Here's the thing. A cornerstone of what makes American government different and special in how it operates, from the federal to the local level, is that we have a system in place that was designed to protect opinions and people and businesses we do not like. Adhering to the rule of law and restrictions on government power is difficult to do when the consequences are unpopular or you personally find them abhorrent, but that is EXACTLY when it's so important. The Federalist Papers tell us so.
What if one of the commissioners in my city moves to a liberal town in California due to a job transfer and decides he wants to open a church in an abandoned K-Mart because there is nowhere to worship within thirty miles? And then, what if the local officials of this California town, all of whom are atheists, suddenly call a special meeting to rezone houses of worship to industrial areas due to made up traffic concerns that supposedly would happen when everyone leaves service at the same time? Clearly, these politicians are changing the zoning to target a specific K-mart turned church building. And that would be wrong. But, if my commissioner is not willing to do things the right way when it comes to restricting abortion clinics, he would have no leg to stand on if my hypothetical regarding his proposed church ever comes to pass.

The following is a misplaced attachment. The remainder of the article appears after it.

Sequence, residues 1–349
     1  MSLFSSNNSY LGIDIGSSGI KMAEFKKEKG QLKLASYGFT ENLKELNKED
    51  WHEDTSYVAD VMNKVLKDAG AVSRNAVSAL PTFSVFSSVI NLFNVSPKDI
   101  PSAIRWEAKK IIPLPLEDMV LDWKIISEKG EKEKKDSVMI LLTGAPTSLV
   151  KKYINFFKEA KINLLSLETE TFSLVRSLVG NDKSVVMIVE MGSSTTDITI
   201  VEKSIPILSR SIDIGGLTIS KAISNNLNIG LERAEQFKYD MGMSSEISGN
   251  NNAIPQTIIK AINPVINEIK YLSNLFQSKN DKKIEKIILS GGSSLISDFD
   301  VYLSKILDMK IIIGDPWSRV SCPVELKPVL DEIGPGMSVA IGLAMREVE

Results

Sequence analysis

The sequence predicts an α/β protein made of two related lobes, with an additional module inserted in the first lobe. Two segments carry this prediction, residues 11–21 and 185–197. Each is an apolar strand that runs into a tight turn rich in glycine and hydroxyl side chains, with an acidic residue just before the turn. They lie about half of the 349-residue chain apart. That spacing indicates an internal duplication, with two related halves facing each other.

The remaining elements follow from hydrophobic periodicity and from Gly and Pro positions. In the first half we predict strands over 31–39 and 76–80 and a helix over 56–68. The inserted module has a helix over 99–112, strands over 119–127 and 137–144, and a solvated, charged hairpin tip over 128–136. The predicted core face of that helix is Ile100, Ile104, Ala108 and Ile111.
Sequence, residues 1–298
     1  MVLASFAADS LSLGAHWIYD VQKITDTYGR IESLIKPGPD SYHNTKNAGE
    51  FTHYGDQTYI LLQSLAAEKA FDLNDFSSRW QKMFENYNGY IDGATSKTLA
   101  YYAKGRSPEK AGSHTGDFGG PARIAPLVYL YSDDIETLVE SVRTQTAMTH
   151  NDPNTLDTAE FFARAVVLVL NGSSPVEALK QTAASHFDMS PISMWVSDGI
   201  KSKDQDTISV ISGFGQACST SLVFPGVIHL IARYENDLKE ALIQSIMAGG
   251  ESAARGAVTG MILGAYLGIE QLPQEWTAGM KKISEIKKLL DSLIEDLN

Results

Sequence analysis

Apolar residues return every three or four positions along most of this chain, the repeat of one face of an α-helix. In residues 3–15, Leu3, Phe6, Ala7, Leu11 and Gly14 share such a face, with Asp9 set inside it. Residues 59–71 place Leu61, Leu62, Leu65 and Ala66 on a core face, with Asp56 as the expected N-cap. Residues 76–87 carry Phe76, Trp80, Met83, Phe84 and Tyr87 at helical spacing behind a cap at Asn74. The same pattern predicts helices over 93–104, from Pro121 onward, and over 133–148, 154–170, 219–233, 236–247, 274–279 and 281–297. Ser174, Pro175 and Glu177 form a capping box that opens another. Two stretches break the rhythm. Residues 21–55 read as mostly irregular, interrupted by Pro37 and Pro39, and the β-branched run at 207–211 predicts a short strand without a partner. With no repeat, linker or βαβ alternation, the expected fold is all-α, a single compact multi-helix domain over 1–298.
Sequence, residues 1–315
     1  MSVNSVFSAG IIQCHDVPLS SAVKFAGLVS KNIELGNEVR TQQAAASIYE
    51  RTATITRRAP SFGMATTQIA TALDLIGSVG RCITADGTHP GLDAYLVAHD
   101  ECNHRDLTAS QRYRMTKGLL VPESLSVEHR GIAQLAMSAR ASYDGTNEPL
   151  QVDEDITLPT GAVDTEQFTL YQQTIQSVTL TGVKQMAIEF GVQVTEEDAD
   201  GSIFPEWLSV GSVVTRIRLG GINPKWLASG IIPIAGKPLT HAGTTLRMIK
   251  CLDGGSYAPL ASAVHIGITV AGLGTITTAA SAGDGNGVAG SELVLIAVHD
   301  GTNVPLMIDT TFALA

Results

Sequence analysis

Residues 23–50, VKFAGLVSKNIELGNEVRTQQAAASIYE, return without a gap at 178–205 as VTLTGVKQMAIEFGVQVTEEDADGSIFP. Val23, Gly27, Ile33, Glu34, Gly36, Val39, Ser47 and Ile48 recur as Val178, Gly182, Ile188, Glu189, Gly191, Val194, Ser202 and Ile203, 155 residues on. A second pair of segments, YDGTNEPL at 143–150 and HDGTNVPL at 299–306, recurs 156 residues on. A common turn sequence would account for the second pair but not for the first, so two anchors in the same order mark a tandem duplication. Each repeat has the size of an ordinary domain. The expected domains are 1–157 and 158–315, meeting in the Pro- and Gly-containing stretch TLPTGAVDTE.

When my elected officials ignore established legal precedent, when they decide that limitations on government don't apply when they want to have an activist government to meet their own moral agenda, I get really upset. I stay awake thinking about it. My jaw gets tight. Yes, I realize I'm in the overwhelming minority with this problem.
People who seek office should act with integrity and with a consistent respect for our system. I know . . . how naive of me. But I love our country and its promise and we deserve nothing less.